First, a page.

Family of Plane Curves in the Extended Gauss Plane Generated by One Function

This Demonstration shows four families of curves, each member of which satisfies an equation of the form , where, at any point on the parametrized curve, represents the arc length to that point and represents the spherical curvature at that point when the curve is projected onto the sphere via stereographic projection. If a curve on the sphere can be obtained from another via rotation of the sphere, then the two plane curves that are their stereographic projections are in the same family. The polar coordinates of an arbitrary point on the sphere define an axis of rotation; use that and an angle of rotation to get different curves in a family.


  • [Snapshot]
  • [Snapshot]
  • [Snapshot]


The two-dimensional unit sphere , centered at the origin, is a model of the Gauss plane together with a point at infinity. This model is realized via a stereographic projection from the pole onto the plane through the equator. The group of rigid motions on coincides with the group of rotations that preserves . Any spherical curve on , parameterized by an arc length parameter , is defined up to a rigid motion on by a function called spherical curvature. The group of rigid motions on induces on the plane via the stereographic projection a subgroup of the Möbius group. The transformations of this subgroup are represented by the functions , , , where is the field of complex numbers. A relation between the spherical curvature of a curve on and the Euclidean curvature of its corresponding plane curve is an invariant under the group and determines any plane curve up to transformation from the group . For example, in snapshot 3, the function defines plane curves equivalent to the logarithmic spiral. Since the natural Cesàro equation for the curvature defines a Cornu's spiral in the Euclidean plane, the curve in snapshot 1 could be called a Cornu's spiral in the Möbius plane with a group of rigid motion .
    • Share:

Embed Interactive Demonstration New!

Just copy and paste this snippet of JavaScript code into your website or blog to put the live Demonstration on your site. More details »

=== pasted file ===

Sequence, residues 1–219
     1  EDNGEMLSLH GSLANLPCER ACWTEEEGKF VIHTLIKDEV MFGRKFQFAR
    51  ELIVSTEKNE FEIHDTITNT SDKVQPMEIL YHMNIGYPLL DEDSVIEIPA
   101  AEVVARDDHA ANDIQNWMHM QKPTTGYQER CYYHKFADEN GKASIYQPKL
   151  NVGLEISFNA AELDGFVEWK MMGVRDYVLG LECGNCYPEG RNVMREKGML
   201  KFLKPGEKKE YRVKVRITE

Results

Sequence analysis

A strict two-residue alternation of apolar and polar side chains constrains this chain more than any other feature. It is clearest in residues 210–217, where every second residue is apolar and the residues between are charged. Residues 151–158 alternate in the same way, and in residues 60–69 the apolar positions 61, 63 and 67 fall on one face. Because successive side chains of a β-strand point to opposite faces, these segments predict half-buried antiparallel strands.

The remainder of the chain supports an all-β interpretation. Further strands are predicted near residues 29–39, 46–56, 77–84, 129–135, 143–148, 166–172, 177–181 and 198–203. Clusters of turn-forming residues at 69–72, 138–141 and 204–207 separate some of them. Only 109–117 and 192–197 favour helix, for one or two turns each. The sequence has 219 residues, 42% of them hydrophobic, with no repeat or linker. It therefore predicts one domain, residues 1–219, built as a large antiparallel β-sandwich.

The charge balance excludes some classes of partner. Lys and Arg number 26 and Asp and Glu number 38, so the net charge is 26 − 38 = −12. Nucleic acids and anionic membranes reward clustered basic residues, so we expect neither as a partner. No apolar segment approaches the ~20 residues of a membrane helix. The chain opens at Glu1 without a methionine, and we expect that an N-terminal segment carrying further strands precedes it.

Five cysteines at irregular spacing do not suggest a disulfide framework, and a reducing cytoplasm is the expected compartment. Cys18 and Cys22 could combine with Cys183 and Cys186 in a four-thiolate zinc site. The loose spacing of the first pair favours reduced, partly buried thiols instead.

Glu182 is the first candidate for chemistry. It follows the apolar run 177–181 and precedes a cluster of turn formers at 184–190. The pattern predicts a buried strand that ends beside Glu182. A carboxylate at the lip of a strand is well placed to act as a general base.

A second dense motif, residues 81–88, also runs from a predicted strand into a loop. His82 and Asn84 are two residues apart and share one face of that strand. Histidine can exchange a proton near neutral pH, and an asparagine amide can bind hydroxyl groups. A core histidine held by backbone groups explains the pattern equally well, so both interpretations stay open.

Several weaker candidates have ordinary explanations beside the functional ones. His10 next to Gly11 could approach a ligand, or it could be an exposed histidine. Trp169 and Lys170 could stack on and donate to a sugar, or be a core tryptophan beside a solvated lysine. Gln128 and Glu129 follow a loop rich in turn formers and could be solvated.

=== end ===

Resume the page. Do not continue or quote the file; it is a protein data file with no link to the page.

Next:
Files require Wolfram CDF Player or Mathematica.

Mathematica »
The #1 tool for creating Demonstrations
and anything technical.
Wolfram|Alpha »
Explore anything with the first
computational knowledge engine.
MathWorld »
The web's most extensive
mathematics resource.
Course Assistant Apps »
An app for every course—
right in the palm of your hand.
Wolfram Blog »
Read our views on math,
science, and technology.
Computable Document Format »
The format that makes Demonstrations
(and any information) easy to share and
interact with.
STEM Initiative »
Programs & resources for
educators, schools & students.
Computerbasedmath.org »
Join the initiative for modernizing
math education.
Step-by-Step Solutions »
Walk through homework problems one step at a time, with hints to help along the way.
Wolfram Problem Generator »
Unlimited random practice problems and answers with built-in step-by-step solutions. Practice online or make a printable study sheet.
Wolfram Language »
Knowledge-based programming for everyone.
Powered by Wolfram Mathematica © 2017 Wolfram Demonstrations Project & Contributors  |  Terms of Use  |  Privacy Policy  |  RSS Give us your feedback
Note: To run this Demonstration you need Mathematica 7+ or the free Mathematica Player 7EX
Download or upgrade to Mathematica Player 7EX
I already have Mathematica Player or Mathematica 7+